The debate over international roaming charges in the EU has raised the issue that always dogs telecoms in the region – whether consumers should be safeguarded by legislation or by the free market.
Time and again mobile operators – and not only in Europe of course – have weakened their own argument that competition supports consumer choice, and so makes regulation unnecessary, by acting with collective greed, and roaming is a good example of this.
EU telecoms commissioner Viviane Reding announced long awaited proposals last week over how to deal with what she called "unacceptable" mobile roaming charges. These generate over €10bn a year for the operators, but ending them would not only deprive the largest ones of an additional revenue stream, but dent their competitive advantage, especially that of Vodafone.
The giant relies on its wide ranging network, and the fact that it has the only really unified roaming tariff for businesses across Europe, to take enterprise business from other cellcos. Their closest attempt to offer region-wide roaming comes from the two carrier alliances, FreeMove and StarMap, but neither of these yet offer unified roaming tariffs across all members and territories.
Vodafone, then, stands to lose most from regulation of roaming tariffs since there will be less incentive for businesses, in particular, to use its network if its rivals are forced to cut their charges – or at least, it will have to reduce its own on-network charges further to remain attractive.
Vodafone has 6m users of its Passport service, which offers some of the benefits the EU now looks to make compulsory, notably charging local rates to use the phone while abroad. With the proposed new rules in place, the cellco said it could not have launched this product, and goes on to argue that similar creativity in terms of tariffs and service expansion round Europe will be thwarted by regulation.
All this may be another pressure for the larger cellcos to deal with, in the increasingly tough European market, but it is long overdue for consumers. The operators have had plenty of warning that they would need to address roaming, but Reding was clear they have run out of chances and carriers have failed to keep earlier promises that they would reduce charges.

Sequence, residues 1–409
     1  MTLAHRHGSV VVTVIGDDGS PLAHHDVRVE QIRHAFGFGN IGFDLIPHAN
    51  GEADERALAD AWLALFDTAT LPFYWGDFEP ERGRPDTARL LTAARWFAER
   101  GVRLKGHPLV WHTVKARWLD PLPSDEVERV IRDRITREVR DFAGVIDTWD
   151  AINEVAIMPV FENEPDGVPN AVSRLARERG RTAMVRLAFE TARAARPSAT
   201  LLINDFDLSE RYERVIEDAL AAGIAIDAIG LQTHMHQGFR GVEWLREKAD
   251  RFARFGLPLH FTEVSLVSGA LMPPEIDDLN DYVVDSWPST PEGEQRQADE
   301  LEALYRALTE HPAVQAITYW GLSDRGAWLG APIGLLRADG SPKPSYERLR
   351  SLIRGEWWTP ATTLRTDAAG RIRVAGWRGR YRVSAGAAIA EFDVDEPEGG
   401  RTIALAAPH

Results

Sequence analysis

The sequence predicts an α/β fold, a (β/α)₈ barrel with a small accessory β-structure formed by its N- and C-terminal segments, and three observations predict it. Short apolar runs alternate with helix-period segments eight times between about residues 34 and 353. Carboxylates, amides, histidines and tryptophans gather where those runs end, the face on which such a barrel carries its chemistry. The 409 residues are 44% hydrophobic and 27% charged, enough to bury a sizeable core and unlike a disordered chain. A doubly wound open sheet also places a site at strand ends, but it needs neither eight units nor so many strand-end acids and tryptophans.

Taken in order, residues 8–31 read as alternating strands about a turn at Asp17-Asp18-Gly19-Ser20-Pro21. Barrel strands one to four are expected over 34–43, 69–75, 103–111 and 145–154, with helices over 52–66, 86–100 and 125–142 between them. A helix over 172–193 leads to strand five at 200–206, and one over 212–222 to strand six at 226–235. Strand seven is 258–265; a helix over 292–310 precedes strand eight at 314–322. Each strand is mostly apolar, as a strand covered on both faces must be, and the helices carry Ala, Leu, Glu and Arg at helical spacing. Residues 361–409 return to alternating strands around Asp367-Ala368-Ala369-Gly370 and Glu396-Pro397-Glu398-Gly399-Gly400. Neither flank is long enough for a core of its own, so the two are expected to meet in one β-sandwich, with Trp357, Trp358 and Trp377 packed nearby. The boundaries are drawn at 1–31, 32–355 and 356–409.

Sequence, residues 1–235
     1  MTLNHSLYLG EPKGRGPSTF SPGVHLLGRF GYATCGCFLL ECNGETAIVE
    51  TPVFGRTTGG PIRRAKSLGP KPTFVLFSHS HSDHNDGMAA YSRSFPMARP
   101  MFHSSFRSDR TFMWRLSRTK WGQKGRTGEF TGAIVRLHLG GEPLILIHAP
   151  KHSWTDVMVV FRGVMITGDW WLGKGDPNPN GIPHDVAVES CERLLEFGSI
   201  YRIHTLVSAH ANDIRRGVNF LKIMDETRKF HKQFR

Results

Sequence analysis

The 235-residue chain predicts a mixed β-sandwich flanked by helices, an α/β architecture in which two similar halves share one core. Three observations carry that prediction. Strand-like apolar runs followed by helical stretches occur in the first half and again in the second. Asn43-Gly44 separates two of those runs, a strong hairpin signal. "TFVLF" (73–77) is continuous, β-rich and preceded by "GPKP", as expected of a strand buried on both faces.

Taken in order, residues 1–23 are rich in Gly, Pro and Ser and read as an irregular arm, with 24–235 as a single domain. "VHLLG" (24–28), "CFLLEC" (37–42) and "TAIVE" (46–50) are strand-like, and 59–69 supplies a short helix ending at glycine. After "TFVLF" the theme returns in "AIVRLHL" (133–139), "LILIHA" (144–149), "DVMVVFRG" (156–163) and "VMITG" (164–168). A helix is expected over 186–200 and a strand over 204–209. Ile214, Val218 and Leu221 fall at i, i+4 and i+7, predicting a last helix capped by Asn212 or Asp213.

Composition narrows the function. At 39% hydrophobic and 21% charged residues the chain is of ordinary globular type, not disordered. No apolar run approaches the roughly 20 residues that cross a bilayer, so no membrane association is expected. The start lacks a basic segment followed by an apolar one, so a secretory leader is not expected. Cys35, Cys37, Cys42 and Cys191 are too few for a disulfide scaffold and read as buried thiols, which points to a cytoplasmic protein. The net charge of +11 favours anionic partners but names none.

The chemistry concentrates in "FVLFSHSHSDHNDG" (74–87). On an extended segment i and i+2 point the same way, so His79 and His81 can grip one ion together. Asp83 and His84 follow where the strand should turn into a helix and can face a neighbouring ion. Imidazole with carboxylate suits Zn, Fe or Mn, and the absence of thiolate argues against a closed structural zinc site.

She said new figures proved that UK-headquartered mobile operators have continued to charge the same roaming tariffs as before the pledges of voluntary reductions while some have even increased them.
"The market had had ample time to make adjustments and hasn’t done it. My conclusion is that there have been no major downward movements, indeed some prices have gone up, and the only changes, 'special packages', have not been taken up by consumers as they are opt-ins and cost extra. Prices are still far too high and bear absolutely no relationship to real 'cost-plus' margins. There is still no transparency and that is a heavy burden on business and industry, especially small firms and start-ups."
The draft of new roaming regulations will place "an absolute prohibition" on charges levied for the receipt of call overseas from phone numbers in their home country – a change BT has long lobbied for.
BT CEO Ben Verwaayen commented: "We get all the flak and they get all the profits. It breaks my heart for the mobile operators – not."
Reding says she will press for the EC to pass the regulations this spring and then fast track them through the national governments of the member states and through the European Parliament so they will become operational by the summer of 2007. It is likely that cellcos will have to cut the price of roaming calls by 50 per cent to 60 per cent.
Michael Bartholomew, the director of the industry body, the European Telecommunications Network Operators (ETNO) said: "Such a heavy intervention at both wholesale and retail levels would be unprecedented in the mobile market and appears disproportionate," and showed the EC "pushing its powers to the limit and being over-intrusive"
The GSM Association said: "The EC's proposals to regulate retail roaming prices and wholesale roaming prices are in the mobile phone sector are unprecedented, unnecessary and heavy-handed." Its CEO Rob Conway said: "Enabling consumers to use their mobile phones on a pan-European basis is a value added service and mobile operators should be able to charge a market rate for it. It is inappropriate to regulate tariffs at a pan-European level as the commercial and regulatory factors in each national market are different."
The fact is, though, that with alternatives to international cellphones becoming more plentiful and reliable – from Skype and other VoIP services to voice over Wi-Fi hotspots to discount plans such as those of Carphone Warehouse – these associations should be urging their members to accelerate roaming reductions, not defending current practise, for more is at stake than this particular revenue.
Indeed, roaming is one of the key issues that could drive a decline in usage of cellphones, especially in the lucrative international business sector. Reding’s response was: "[The mobile operators] already seem to be on the verge of claiming bankruptcy. They are nothing of the sort. We are not against people making normal profits but we are against 95 per cent margins achieved on the backs of travelers."
Copyright © 2006, Wireless Watch
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